For example, the goats’ eating habits will leave your property and pasture free of weeds and undesirable brush. That means more good grass will grow for your horse.
Additionally, having a goat is almost like a pet for your horse. The horses become attached to the goats and seem to enjoy taking care of their little buddies. This might be similar to having a foal around for older female horses.
Do Goats Make Good Companions For Horses
Goats do make good companions for horses, but some species are better than others.
Pygmy goats and other particularly small breeds are less desirable companions because it’s easier for a horse to step on them by accident. Similarly, you should oversee baby goats (kids) around adult horses.
A better option is a full-grown adult goat. Avoid the fainting species as they can get trampled by accident. Instead, opt for larger species like the Saanen or Boer goats to be your horses’ companions.
When To Separate Goats And Horses
Not all goat and horse companions are a perfect match. I have to stress that most of the time, they are ideal together, but there are a couple of things to watch out for when pairing up goats and horses.
The most obvious is merely keeping an eye on them for a while to ensure your horse and goat get along normally.
Next, you should watch how they interact in the pasture. Some (very few) horses become nervous and don’t enjoy having small companions.
Then see how well your companions eat together. Goats can generally eat the same hay, but some horses don’t like sharing and may bite at goats if they eat together.
Finally, goats tend to be less than picky about what they eat. Sadly, this can include your horses’ tail in some rare instances.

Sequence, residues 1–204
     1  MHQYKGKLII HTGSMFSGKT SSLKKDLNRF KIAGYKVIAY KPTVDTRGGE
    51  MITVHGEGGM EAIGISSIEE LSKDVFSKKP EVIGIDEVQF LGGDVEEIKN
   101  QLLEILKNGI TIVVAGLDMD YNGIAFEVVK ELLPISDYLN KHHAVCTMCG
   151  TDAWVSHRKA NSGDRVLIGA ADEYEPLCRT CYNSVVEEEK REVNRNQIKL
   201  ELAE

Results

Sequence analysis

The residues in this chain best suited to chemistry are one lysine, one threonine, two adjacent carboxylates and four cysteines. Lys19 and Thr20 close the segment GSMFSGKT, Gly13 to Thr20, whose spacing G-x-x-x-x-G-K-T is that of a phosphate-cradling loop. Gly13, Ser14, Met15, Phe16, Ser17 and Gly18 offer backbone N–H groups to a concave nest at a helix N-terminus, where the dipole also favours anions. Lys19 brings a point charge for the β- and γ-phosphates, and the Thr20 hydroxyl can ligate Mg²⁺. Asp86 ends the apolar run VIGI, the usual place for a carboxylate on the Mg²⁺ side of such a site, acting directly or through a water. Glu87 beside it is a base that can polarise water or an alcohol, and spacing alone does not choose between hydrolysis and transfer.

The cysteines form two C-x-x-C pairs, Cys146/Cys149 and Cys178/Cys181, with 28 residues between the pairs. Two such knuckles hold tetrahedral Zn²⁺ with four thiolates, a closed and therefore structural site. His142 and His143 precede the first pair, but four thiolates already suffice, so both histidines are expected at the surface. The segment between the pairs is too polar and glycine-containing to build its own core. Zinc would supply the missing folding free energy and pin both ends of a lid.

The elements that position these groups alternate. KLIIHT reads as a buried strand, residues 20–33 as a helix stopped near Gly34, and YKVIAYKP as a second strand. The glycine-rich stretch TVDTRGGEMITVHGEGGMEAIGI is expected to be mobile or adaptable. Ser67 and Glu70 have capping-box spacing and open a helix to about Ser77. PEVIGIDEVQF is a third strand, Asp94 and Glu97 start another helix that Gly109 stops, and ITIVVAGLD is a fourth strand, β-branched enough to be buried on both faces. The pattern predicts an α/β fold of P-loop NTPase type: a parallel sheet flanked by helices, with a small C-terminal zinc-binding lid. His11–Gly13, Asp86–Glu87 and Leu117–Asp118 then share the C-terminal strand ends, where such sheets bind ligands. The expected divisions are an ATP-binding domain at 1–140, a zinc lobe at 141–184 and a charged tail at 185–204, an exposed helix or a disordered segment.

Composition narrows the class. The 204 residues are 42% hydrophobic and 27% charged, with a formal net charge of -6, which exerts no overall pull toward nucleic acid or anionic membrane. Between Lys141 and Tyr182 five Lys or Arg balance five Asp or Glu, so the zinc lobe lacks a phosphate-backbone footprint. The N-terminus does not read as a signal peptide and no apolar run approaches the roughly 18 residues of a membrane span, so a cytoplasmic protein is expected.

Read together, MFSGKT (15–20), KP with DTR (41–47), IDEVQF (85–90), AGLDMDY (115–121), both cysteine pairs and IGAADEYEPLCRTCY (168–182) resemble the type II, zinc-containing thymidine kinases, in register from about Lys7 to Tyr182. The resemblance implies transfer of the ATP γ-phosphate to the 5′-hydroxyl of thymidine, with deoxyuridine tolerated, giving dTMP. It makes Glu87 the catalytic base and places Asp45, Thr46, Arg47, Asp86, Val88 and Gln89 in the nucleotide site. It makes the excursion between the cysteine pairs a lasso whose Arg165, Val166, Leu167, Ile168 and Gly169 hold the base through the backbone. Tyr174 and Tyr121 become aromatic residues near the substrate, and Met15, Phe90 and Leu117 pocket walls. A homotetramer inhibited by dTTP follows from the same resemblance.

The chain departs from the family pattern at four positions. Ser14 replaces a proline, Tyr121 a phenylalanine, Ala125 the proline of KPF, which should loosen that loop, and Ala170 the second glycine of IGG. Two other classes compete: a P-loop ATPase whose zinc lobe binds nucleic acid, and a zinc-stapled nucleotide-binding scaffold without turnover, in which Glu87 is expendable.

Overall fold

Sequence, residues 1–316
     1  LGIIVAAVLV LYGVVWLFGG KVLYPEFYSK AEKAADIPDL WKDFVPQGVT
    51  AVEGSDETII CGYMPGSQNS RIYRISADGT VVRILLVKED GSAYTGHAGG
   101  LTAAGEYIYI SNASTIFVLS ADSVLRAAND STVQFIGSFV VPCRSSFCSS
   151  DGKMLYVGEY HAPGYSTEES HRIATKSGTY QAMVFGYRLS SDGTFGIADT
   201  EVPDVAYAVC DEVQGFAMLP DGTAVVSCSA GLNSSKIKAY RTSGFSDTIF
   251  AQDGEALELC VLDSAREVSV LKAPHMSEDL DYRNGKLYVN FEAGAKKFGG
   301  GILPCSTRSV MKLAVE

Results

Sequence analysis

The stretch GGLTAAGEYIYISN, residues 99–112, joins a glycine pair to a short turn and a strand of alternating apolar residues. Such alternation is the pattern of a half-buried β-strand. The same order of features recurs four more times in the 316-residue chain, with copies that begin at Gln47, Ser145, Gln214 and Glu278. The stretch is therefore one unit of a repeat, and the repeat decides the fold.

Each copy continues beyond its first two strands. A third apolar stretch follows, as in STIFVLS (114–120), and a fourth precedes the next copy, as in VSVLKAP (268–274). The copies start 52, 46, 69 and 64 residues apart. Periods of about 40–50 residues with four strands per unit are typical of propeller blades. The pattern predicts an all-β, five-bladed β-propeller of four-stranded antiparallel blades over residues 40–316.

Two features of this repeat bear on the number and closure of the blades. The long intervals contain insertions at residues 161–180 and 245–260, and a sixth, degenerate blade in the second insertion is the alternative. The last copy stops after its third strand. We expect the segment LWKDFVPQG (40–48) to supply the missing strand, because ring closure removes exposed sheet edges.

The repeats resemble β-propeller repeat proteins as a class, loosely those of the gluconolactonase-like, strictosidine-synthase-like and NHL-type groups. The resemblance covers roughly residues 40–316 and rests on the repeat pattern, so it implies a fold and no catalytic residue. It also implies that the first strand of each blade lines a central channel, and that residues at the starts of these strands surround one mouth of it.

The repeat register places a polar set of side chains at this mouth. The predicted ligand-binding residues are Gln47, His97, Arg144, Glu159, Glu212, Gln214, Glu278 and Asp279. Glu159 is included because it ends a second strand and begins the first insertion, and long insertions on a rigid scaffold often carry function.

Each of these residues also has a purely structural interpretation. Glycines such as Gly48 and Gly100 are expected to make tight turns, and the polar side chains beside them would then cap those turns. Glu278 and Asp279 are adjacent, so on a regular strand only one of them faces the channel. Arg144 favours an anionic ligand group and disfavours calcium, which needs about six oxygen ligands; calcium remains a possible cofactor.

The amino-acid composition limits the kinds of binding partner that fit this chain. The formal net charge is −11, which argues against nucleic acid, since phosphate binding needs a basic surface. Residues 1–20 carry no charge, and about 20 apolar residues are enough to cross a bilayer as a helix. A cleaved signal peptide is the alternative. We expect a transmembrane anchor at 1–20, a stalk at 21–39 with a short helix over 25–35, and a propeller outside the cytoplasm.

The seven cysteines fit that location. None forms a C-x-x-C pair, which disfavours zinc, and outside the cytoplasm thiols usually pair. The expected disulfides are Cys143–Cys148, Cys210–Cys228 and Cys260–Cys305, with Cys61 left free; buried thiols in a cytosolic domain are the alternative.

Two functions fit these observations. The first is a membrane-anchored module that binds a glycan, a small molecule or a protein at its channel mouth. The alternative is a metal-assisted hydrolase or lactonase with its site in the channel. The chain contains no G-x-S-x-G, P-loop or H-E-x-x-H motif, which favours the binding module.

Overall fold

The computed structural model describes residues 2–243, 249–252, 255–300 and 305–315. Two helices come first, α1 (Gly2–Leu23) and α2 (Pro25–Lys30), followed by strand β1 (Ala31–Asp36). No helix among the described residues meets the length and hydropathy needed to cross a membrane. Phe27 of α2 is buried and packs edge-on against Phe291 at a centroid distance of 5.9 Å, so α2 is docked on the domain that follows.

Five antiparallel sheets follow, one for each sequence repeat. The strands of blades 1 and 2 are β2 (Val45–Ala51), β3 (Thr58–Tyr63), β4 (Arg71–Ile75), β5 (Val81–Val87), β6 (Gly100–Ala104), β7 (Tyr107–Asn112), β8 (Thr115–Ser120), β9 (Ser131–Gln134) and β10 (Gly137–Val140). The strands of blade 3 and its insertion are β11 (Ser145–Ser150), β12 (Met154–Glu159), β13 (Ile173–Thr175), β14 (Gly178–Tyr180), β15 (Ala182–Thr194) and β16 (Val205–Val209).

If you catch a goat chewing on a horse’s tail, you need to nip that behavior in the bud before the horse kicks them or loses its tail for being patient enough not to kick them.
Helpful Tips To Know About Why Goats Calm Horses
The calming influence goats have on horses has been called mysterious and magical. However, I’d call it a natural result of getting two compatible species together.
Here are more helpful tips to know about why goats calm horses.
- Horses are among very few types of animals that can experience friendship. According to New Scientist, “Most animals have acquaintances, but only a few species are capable of true friendship. This select group of mammals includes the higher primates, members of the horse family, elephants, cetaceans, and camelids. It is no coincidence that all of these animals live in stable, bonded social groups.”
- Goats and horses can comfortably share pastures thanks to the goats’ tendency to eat weeds and brush that horses can’t digest while leaving grasses essentially alone. Additionally, since the two species are susceptible to different parasites, there’s little risk of cross-species disease issues.
- Always start new goat companions in adjacent stalls to your horse rather than putting them together right away. By allowing them time to become accustomed to one another, the chances of a good buddy bond are much higher.
Goats and horses are outstanding companions for each other. Most likely, this has to do with their similarities and differences matching well.
For example, they are both herd animals, but they don’t compete much for food in nature as goats eat leaves and other parts of many plants, but horses prefer grasses the goats tend to avoid.
If you have a lonely horse, whether they’re a racehorse or solitary for other reasons, getting a companion goat is a superb way to raise their quality of life and help them make a new friend.